In light of the Mental Health Awareness Month and World Mental Health Day on 10 October, LegalcommunityMENA sat down with Ammar AlBanna, a legal professional- Founder, of Incept Legal and Of Counsel at Khodeir & Partners who is not only a seasoned lawyer but also a staunch advocate for mental health in the legal field. The theme for 2023, set by the World Foundation of Mental Health, is ‘Mental health is a universal human right.’ Ammar AlBanna, akin to a legal superhero, has dedicated his efforts to breaking the silence surrounding mental health issues among lawyers.
Can you tell us about the stress and challenges lawyers face in their daily work?
Certainly. Picture this: a corporate warrior dons a power suit, coffee in hand, ready to conquer the day. However, beneath that confident facade, they might be concealing a battlefield of anxiety, stress, and burnout. I used to be that person, if I’m completely honest. Research shows that workplace stress is a leading cause of mental health issues, and it’s not just the board room, but also the court room and transaction closure room, where this problem thrives.
Lawyers are often seen as fearless champions of justice, but do they also grapple with mental health challenges?
Absolutely. Despite being seen as fearless, lawyers, too, struggle with mental health challenges. The legal industry’s relentless pressure, high-profile cases, looming deadlines, and the never-ending turns of transactional documents can lead even the most stoic attorneys to the brink. Studies reveal that lawyers have higher rates of depression and anxiety compared to other professions. Perhaps it’s because speaking up can be seen as a weakness, which is a stigma we need to overcome.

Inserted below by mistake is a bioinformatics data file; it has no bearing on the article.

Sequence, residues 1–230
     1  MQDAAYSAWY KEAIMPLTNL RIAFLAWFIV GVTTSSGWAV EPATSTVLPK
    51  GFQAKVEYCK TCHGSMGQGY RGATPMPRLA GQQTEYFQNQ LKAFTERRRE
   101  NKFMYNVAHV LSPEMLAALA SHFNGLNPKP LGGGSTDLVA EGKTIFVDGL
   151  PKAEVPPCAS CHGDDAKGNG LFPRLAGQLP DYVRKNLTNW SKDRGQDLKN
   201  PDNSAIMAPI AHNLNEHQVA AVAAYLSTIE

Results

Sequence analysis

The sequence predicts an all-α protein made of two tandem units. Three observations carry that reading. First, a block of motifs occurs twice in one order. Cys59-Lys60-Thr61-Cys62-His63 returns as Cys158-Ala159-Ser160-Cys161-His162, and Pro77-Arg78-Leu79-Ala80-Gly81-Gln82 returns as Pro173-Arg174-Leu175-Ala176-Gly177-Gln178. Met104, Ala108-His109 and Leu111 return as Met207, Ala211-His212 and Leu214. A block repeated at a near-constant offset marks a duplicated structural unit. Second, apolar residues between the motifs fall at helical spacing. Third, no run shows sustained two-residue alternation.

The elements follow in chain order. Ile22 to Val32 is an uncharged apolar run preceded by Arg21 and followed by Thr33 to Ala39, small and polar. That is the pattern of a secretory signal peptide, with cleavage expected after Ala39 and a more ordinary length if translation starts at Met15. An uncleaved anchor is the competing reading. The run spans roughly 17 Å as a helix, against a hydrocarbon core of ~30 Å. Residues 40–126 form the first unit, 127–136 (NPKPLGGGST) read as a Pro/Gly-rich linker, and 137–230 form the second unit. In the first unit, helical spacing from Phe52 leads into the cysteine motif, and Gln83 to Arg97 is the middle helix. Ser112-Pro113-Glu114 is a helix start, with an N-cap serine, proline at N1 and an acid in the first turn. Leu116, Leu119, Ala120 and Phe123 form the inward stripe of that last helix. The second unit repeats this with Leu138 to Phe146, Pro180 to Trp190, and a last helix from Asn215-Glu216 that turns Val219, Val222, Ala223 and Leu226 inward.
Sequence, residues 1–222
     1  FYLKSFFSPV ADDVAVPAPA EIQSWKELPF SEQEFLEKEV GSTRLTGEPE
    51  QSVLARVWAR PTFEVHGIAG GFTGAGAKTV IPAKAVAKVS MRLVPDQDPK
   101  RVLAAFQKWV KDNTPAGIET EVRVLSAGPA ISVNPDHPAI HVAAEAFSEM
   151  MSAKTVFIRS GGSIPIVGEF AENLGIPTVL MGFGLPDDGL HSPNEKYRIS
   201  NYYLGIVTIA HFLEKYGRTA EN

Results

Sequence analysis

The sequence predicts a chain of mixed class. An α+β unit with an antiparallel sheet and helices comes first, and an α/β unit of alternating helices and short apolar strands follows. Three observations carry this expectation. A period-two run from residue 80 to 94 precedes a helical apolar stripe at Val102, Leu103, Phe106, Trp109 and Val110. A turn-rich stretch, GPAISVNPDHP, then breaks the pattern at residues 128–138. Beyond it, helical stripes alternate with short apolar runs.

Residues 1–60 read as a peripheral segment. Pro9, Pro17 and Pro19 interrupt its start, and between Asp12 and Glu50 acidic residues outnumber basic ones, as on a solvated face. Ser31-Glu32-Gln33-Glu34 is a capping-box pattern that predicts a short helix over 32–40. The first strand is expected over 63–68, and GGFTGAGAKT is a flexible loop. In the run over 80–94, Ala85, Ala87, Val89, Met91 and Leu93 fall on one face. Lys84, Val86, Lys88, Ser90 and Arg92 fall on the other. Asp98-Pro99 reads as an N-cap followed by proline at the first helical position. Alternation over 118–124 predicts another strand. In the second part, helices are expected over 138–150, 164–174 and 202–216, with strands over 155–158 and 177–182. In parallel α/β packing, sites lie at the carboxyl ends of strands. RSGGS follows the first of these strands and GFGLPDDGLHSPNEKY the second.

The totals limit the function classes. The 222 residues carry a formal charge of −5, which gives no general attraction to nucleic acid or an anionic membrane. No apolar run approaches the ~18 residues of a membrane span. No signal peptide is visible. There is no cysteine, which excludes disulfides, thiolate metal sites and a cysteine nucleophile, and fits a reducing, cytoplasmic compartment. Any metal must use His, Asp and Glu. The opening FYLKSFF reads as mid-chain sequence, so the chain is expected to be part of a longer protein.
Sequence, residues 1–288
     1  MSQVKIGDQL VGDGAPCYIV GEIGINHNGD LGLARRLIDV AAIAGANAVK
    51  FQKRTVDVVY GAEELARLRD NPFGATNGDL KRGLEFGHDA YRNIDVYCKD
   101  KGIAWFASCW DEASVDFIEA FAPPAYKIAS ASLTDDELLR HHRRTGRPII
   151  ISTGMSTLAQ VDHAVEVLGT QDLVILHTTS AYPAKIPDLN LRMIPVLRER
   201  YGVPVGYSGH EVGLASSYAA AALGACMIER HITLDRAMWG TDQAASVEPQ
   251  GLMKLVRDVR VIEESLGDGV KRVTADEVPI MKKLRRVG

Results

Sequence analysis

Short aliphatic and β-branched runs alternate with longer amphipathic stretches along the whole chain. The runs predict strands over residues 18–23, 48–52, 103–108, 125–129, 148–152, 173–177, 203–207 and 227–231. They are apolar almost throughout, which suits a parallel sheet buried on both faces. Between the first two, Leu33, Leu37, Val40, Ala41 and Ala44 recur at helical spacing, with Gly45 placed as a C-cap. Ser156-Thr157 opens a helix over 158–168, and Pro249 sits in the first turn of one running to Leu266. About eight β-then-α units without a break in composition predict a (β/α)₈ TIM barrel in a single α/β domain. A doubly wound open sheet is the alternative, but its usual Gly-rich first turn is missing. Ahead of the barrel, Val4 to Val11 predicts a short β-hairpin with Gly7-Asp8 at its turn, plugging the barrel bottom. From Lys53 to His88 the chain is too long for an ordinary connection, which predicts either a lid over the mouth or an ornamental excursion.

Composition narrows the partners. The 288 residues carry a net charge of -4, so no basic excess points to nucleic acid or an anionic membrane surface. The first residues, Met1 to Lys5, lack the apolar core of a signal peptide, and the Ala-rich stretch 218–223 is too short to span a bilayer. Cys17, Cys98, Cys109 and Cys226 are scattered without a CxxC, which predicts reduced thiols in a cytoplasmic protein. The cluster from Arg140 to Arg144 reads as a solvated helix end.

How does cultural sensitivity play a role in addressing mental health issues in the Middle East?
In the Middle East, tradition often takes precedence over measured disclosures, and mental health remains shrouded in secrecy. Our region values resilience highly, and while it’s an admirable trait, it can sometimes deter individuals from seeking help. We need to emphasize that seeking support is a courageous step, not a sign of weakness. Interestingly, the Holy Quran deals with well-being and self-reflection on various occasions. Allah says in the Quran “he is indeed successful who causeth it [the inner self] to grow”. So, where these traditions came from is a question I’m yet to have an answer to. At the end of the day, cultural sensitivity is crucial; initiatives should align with local customs and values to bridge the gap between tradition and progress.
Are law firms and companies taking steps to address mental health issues in the workplace?
Many forward-thinking companies, including some law firms, are addressing mental health issues by offering assistance programs and creating open dialogues about mental health. A happier workforce is a more motivated and creative one. It’s ironic that in a profession where we often seek justice, we sometimes forget to seek it for ourselves. However, the tide is turning, and the stigma is slowly eroding. We need to move beyond lip service and implement practical mechanisms.
How can law firms strike the right balance between business objectives and workforce needs?
Striking the right balance between business requirements and workforce needs is crucial. This requires practical solutions and mechanisms implemented by law firm leaders. By doing so, we can create healthier, happier, and more successful corporate and legal environments. It’s a journey we should all embark on to prioritize mental health in the workplaces we’ve dedicated our lives to.